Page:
CFD modelling for Wind Energy development at LUT Computational Engineering

In Finland, wind energy is one potential renewable energy sources, but has not been widely exploited. Today, the interest for inland wind-farm locations is raising in Finland with several ongoing investment studies. However, inland locations mean complex terrains with hills, forests and lakes, all strongly influencing local weather and wind conditions, hence affecting optimal locations and elevations for wind turbines.2d-idealized-hill

A Computational fluid dynamics (CFD) research group at the LUT Computational Engineering is actively working on developing CFD methodology for wind energy applications, thanks to the Renewtech project (2011-2014) in CEID/LUT. We model the wind flows with scale ranging from atmospheric boundary layers (1-2 km) down to wind parks and to wind turbine by combining expertise in energy, CFD and industrial mathematics. bolund-hill2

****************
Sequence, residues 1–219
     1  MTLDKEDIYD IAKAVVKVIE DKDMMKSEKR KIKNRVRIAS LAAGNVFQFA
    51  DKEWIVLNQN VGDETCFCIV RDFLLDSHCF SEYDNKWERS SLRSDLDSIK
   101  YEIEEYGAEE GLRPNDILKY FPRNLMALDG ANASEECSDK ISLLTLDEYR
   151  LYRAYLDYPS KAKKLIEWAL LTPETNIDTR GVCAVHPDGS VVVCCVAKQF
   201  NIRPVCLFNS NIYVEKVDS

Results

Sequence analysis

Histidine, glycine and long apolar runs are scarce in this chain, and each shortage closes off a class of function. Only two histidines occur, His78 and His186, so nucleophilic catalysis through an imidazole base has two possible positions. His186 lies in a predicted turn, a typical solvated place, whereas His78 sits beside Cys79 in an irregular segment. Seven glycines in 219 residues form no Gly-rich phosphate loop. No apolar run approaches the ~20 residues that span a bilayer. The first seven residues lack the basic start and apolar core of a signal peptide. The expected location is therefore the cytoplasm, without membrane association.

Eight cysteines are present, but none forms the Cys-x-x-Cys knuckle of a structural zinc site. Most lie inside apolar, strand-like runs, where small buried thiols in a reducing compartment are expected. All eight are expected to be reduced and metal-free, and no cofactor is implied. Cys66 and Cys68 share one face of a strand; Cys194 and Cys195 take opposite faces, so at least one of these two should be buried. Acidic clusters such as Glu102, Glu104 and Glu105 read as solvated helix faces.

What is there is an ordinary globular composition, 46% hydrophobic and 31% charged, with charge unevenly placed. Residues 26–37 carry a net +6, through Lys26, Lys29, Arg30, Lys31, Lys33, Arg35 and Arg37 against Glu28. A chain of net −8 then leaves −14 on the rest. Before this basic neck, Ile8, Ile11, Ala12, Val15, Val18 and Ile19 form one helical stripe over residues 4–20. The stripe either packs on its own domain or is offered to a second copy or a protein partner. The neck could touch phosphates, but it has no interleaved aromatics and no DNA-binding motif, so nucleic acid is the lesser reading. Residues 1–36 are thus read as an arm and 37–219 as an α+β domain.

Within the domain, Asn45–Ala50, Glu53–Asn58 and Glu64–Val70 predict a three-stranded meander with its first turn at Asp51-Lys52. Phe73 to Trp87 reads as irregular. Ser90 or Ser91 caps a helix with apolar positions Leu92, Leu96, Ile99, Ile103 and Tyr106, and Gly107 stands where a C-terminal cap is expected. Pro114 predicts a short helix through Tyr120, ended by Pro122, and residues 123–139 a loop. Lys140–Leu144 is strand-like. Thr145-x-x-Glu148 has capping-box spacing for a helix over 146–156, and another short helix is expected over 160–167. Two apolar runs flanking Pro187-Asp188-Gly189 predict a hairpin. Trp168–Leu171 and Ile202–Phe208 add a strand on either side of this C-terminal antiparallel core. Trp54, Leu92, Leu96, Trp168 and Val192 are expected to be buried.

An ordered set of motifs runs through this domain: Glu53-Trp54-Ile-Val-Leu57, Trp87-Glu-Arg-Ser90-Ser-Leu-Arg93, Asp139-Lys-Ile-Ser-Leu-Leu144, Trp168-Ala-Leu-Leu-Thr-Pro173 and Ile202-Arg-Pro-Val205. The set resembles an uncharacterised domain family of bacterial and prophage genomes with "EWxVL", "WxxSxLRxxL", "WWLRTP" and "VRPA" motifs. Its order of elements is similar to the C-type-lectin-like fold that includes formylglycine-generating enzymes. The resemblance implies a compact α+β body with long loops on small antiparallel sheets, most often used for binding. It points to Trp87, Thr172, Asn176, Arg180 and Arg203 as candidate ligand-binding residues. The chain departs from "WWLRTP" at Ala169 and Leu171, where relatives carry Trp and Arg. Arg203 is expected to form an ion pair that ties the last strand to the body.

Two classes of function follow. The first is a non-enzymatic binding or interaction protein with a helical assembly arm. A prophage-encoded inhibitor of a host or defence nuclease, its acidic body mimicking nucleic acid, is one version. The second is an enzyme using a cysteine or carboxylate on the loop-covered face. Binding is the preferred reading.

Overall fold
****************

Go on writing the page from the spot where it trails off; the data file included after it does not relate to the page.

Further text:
In particular, we focus on developing the CFD models and apply them for inland as well as cold-climate wind-energy technology, such as:

  • Development, application and validation of a CFD model for wind flows over complex terrain (PhD thesis)
  • Studying the influence of a forest to wind-turbine performance (PhD thesis)
  • Modelling the flow through forest using porous media models (PhD thesis-on going )
  • Studying the influence of forests with different shapes and densities to the wind-turbine wakes and power output (PhD thesis-on going)
  • Studying the effect of thermal stratification to wind-turbine wakes and to the wind potential power output
  • Development of a fast CFD model using the depth-averaged approach to consider terrain elevation effects by a mathematical model (PhD thesis-on going)
  • Optimizing wind turbine blade design for better power output (MSc thesis-on going)

In addition to wind energy research, we also use CFD models for tracking pollutant dispersion in urban (built) environment. In a recent MSc thesis project, CFD simulations were carried out to study the impact of different roof shapes on gas dispersion in an urban street canyon.